Page 16 - Wallingford Magazine Holiday 2020 Issue 30
P. 16

 by Bobbie Wood Borne
We had no idea on that particular evening that we were about to experience a harbinger of an unusual year. I’m not talking about Covid here. It was dusk when we first noticed a fuzzy brown ball tucked into the eave of our back porch a year ago in October 2019.
The ball was a perfect fit for the small crevice. But what was it? A bat? A squirrel? Some unrecognizable rodent? When we googled “small fuzzy brown ball in eave of porch”, up popped hundreds of photos of the exact same thing we were looking at — a Carolina wren (thryothorus ludovicianus). We soon learned from a friend who is an expert in birdsong that our cute little bird was a male because females don’t sing the song we were hearing each morning.
Further online research revealed that most Carolina wrens hang around for the winter, and that they usually mate for life. Each evening we looked forward to our little friend’s timely arrival; at dawn we observed his departure. We wondered if he had a mate and if she was nearby on someone else’s porch. Was he calling to her each morning to let her know he was up and ready to start the day?
Our Carolina
Wren
We were really getting into this thing, counting on our daily dose of Wrenty.
And then, after about 10 days, he abruptly abandoned us. At least that’s how it felt. No friendly wren all winter or spring; though we checked the eave almost every day at dusk. With the arrival of the pandemic, our focus shifted to masks and toilet paper, and thoughts of Wrenty faded.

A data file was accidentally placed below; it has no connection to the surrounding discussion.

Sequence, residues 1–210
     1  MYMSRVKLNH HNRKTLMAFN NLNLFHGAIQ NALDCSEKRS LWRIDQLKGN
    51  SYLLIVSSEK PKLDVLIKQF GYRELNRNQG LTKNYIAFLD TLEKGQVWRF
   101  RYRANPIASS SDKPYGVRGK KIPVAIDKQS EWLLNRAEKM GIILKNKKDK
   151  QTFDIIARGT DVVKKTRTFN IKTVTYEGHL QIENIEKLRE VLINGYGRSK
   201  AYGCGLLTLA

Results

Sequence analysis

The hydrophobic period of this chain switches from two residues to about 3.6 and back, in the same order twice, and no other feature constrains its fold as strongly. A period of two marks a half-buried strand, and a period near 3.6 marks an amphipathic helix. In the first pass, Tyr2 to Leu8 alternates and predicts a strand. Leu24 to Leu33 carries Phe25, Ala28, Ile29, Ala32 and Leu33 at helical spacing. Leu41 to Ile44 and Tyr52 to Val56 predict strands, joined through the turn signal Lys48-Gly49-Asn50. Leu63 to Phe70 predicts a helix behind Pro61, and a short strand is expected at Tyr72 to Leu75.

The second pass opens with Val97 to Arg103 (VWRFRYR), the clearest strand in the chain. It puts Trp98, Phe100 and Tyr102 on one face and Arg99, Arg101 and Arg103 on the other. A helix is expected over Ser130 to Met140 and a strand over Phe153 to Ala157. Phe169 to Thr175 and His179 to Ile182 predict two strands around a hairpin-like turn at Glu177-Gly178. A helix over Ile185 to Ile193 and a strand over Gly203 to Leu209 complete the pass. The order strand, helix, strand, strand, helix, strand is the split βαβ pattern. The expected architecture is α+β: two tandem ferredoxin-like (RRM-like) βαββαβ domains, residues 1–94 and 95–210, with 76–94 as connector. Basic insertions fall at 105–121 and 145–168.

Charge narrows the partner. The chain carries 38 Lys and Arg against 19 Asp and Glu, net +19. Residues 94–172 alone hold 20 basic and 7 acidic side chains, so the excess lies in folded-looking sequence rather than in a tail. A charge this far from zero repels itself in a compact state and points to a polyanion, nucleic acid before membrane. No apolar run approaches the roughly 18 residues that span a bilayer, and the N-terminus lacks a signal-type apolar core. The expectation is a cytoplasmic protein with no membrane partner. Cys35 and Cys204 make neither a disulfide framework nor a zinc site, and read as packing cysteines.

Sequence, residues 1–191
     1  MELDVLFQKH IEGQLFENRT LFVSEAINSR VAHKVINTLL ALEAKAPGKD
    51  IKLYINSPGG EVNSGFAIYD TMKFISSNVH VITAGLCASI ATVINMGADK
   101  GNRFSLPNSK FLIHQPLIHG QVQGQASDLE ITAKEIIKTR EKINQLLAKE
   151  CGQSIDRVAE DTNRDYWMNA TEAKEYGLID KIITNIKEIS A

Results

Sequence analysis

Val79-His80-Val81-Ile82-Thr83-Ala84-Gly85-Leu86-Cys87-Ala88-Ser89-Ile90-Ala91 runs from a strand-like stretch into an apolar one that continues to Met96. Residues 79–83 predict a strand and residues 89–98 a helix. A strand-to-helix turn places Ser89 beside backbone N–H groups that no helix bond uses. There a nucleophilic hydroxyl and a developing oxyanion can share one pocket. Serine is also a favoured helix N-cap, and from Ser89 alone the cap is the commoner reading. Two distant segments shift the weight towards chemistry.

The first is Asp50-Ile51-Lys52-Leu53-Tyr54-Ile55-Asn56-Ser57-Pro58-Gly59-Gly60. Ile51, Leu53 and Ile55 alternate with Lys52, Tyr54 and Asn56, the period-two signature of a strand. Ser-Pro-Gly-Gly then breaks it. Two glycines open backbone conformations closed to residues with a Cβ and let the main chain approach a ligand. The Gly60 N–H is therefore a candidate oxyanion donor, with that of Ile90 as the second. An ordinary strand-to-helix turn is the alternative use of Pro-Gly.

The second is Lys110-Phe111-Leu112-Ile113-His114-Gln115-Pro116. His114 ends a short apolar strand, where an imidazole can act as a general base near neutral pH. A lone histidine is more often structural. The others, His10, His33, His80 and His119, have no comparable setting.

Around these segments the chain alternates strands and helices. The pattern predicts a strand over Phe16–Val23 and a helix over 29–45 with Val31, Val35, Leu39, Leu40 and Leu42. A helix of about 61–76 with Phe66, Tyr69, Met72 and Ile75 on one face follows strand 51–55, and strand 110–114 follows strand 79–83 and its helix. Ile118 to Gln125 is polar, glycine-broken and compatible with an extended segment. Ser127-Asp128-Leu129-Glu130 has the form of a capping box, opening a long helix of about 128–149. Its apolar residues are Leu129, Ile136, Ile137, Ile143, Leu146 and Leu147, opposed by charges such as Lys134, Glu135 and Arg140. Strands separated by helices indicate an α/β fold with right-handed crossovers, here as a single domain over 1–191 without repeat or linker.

Then on September 1, 2020, Wrenty miraculously came home. There he was, tucked head first into his tiny corner again. (Of course there was no way for us to prove he was our wren, but we were convinced!)
Wrenty has been roosting on our back porch for almost three months now. His timing is so precise that we know exactly when to stand by to observe his arrival (currently around 4:45 p.m.) and his departure (5:55 a.m.). He adjusts his timing to the waning light.
We watch his arrival and departure most days. Each morning after flying from his perch, he lands on a nearby pagoda dogwood and sings his loud and happy song. He repeats it from four to 40 times, rain or shine.
We’d like to know what determines the number of repeats. Occasionally he will fly in the opposite direction,
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Wallingford Magazine – Holiday 2020





















































































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